Want to stay sharp for bowhunting? Check out the National Field Archery Association
The time between hunting seasons can feel like eternity, but it doesn’t have to be boring. Competitive shooting is a great way to have fun and maintain your marksmanship during bowhunting’s offseason.
The National Field Archery Association is one of America’s major archery organizations. Many local clubs use the NFAA’s rules and formats for their competitions. The NFAA offers indoor archery, field archery and 3-D archery throughout the off-season.
When it’s too cold to bowhunt and practice in the yard, try turning your attention to indoor archery. You can enjoy the heat of competition in the dead-cold of winter by enrolling in indoor leagues or tournaments.
The Vegas Shoot uses a 40-centimeter target with a gold center, and red, blue, black and white outer rings. Archers shoot 30 arrows per round, and a perfect score is 300.
A 300 is also the perfect score in the NFAA Indoor Nationals format, but that event uses a different target. The NFAA Indoor Nationals’ target is blue and white, with a white center circle surrounded by blue outer rings. The rings score 1 to 5 points. NFAA competitors shoot five arrows per end.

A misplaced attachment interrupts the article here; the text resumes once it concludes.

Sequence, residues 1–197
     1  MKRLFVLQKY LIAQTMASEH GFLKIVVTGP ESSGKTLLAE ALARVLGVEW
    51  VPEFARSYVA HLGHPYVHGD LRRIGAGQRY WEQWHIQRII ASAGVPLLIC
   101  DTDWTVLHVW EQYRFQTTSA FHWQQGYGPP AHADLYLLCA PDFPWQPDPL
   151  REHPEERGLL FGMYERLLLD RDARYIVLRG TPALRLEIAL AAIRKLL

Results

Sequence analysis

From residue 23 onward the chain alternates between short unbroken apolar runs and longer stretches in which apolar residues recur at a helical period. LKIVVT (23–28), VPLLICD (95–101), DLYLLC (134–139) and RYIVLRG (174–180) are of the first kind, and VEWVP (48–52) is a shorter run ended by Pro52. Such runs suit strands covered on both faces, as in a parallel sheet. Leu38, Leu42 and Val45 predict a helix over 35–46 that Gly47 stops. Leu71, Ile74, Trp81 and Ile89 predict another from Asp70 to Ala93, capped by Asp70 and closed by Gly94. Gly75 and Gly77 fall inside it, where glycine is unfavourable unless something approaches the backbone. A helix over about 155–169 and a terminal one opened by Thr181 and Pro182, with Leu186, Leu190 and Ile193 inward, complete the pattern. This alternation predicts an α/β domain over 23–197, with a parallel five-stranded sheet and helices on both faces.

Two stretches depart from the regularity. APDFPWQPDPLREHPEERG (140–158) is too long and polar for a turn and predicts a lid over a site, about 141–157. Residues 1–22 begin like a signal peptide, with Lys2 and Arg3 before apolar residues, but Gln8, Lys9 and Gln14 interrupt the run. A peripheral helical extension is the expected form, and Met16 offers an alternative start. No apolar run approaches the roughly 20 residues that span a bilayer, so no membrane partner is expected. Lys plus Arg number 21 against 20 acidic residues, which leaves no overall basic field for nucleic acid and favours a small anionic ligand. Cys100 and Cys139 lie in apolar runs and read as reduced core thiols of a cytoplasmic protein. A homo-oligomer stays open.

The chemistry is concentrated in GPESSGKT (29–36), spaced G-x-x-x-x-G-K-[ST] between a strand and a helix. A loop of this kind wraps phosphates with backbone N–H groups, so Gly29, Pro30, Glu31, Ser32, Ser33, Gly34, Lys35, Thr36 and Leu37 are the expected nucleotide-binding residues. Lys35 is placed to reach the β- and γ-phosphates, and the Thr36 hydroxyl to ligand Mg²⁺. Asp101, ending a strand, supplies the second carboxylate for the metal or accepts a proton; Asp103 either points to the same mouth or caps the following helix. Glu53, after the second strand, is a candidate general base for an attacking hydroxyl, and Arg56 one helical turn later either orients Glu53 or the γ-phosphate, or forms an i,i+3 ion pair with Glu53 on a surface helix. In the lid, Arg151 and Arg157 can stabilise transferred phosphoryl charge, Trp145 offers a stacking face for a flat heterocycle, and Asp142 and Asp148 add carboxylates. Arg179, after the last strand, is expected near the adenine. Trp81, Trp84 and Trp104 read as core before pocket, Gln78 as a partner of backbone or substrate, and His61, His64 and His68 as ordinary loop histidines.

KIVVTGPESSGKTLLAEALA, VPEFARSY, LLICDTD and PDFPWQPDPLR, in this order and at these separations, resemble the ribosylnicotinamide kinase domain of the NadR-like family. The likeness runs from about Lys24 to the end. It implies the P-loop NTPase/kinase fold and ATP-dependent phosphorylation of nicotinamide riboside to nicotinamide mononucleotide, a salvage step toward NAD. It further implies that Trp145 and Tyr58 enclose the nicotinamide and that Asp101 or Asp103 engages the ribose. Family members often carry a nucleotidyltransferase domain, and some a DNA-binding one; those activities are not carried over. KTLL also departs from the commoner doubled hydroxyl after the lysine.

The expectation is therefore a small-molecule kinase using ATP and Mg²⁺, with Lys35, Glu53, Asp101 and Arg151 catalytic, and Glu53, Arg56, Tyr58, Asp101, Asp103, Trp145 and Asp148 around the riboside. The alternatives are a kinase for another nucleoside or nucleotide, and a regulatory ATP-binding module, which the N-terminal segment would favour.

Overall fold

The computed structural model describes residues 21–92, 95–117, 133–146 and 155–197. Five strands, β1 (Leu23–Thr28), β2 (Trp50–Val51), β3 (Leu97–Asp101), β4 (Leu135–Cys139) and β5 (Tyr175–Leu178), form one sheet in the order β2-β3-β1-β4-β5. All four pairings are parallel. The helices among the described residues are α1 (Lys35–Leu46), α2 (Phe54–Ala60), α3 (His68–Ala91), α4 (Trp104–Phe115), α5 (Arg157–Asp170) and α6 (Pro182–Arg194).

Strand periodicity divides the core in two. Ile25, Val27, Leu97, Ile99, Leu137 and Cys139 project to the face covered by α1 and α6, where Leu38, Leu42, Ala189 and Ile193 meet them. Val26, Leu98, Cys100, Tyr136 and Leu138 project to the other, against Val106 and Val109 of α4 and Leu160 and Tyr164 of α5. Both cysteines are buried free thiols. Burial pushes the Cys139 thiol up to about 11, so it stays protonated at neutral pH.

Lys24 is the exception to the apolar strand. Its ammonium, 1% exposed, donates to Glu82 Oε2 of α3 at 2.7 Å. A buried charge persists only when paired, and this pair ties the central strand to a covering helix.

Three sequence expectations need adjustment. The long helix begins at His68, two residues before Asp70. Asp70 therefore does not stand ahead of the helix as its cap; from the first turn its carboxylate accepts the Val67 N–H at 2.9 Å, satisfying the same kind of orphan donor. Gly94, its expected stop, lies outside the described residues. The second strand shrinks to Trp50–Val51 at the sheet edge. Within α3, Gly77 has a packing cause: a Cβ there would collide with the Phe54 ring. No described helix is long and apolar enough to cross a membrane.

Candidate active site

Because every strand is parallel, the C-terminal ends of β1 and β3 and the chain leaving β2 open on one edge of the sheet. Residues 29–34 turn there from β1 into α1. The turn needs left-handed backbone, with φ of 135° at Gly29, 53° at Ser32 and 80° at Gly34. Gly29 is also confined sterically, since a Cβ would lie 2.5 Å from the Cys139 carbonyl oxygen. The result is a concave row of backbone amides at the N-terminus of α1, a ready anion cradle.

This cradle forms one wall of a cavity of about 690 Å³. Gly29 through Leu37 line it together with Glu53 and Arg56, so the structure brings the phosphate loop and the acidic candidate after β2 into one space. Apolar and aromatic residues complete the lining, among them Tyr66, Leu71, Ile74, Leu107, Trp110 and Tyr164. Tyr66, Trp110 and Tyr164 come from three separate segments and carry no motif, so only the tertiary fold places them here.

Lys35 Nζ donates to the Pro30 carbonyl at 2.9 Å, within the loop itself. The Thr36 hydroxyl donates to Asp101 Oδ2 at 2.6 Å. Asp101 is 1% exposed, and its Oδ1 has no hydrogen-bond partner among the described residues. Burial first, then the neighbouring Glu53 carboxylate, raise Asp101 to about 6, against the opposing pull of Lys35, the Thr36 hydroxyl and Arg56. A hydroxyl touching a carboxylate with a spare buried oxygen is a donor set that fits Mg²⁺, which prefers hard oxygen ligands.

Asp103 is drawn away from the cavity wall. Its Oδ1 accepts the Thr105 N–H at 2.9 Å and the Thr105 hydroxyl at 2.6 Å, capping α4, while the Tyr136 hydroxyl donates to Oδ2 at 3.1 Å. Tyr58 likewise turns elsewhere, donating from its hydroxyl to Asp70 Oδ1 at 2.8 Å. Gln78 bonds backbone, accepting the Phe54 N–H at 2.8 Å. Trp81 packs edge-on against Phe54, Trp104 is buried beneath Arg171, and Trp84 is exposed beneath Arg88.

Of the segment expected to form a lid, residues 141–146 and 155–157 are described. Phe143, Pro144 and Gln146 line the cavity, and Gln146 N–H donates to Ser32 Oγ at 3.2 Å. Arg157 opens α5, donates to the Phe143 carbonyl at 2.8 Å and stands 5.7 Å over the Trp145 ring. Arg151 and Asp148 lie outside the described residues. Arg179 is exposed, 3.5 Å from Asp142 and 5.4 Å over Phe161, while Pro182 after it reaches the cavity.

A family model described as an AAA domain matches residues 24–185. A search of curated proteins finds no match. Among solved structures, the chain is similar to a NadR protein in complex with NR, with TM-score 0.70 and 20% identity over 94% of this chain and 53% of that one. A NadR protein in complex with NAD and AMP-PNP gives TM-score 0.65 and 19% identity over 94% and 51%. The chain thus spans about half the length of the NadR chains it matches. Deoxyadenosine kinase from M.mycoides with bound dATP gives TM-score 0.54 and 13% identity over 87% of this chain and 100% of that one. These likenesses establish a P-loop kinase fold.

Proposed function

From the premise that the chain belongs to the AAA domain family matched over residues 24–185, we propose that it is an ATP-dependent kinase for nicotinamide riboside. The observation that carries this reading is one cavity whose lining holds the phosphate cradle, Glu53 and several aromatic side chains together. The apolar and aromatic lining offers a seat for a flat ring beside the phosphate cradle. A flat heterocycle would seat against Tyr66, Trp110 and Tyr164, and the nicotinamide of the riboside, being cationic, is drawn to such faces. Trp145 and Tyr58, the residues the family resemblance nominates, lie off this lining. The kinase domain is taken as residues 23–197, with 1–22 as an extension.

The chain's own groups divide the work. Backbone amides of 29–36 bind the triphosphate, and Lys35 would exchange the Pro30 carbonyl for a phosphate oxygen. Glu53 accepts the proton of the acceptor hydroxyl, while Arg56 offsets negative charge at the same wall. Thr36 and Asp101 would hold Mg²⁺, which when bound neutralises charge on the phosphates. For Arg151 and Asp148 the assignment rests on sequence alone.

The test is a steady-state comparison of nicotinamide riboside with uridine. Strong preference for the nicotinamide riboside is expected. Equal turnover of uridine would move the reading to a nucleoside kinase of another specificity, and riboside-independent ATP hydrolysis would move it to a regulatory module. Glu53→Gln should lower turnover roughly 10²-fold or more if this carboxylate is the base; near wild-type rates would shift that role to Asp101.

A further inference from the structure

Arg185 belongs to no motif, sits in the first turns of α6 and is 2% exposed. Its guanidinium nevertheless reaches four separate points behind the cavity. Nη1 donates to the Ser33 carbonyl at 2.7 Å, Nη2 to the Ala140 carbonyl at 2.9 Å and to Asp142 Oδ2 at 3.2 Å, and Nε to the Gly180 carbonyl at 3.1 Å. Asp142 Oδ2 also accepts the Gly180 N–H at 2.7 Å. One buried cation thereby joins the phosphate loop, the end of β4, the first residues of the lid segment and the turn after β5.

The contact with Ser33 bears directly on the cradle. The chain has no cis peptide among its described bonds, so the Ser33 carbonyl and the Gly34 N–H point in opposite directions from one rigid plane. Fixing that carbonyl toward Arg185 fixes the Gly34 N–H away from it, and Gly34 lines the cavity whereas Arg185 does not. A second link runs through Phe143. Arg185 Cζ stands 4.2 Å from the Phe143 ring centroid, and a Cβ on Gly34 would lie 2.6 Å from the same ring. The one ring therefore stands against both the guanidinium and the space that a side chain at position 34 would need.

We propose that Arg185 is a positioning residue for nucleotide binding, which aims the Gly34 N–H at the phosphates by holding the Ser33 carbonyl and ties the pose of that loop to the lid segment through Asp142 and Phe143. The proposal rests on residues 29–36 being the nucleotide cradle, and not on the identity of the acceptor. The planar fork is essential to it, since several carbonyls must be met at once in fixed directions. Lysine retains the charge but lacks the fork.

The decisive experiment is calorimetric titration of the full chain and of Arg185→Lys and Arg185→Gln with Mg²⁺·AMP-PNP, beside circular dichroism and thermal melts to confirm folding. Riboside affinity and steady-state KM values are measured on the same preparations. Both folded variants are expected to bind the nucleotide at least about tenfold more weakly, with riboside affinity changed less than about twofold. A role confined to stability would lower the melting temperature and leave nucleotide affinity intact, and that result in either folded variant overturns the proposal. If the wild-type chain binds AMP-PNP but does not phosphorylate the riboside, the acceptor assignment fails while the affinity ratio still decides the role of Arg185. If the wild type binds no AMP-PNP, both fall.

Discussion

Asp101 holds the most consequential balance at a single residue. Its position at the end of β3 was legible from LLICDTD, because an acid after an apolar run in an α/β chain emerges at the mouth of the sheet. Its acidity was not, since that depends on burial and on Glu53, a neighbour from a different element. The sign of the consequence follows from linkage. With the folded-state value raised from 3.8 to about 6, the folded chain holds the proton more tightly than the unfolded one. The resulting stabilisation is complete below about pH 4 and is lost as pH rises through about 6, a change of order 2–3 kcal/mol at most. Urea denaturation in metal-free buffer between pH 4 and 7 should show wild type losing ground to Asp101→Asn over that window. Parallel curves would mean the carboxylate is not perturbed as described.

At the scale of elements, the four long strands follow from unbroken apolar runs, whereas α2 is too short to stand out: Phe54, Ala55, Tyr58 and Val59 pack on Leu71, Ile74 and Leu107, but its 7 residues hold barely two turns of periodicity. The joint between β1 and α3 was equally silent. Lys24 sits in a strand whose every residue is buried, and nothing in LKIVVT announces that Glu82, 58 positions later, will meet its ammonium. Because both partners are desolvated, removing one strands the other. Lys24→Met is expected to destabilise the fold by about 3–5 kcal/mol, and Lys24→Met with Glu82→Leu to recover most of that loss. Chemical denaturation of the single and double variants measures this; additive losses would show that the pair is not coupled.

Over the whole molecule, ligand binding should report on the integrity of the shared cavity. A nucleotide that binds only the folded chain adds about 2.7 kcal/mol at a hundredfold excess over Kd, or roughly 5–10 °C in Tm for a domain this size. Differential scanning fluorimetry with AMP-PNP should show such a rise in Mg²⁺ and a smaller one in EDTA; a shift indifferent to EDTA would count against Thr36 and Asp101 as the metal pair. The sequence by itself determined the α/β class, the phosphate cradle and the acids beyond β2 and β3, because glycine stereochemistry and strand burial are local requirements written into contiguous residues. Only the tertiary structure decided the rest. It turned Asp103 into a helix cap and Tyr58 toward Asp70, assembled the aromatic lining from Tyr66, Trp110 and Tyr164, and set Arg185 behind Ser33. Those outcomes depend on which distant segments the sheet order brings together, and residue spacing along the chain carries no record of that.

When melting snow gives way to spring, it’s time to hit the field course. Field archery is great practice for bowhunting because it presents targets in varying terrain and different distances. Shooting on these challenging courses hones your skills and makes you a better shot. You can try it at a local shoot or enter a field-archery league at a club.
Marked 3-D Archery
If you like field archery, you’ll love the NFAA’s marked-distance 3-D competition. It’s just like field archery except with life-sized animal targets. The national championship for this discipline is held annually in Redding, California. It’s one of the country’s most fun and challenging archery tournaments, with shots exceeding 100 yards.
All three of these offseason activities help boost your odds of bowhunting success. Best of all you don’t have to choose one. You can try all of them at an archery club or state tournament. Talk to your archery shop or visit the NFAA website for more information.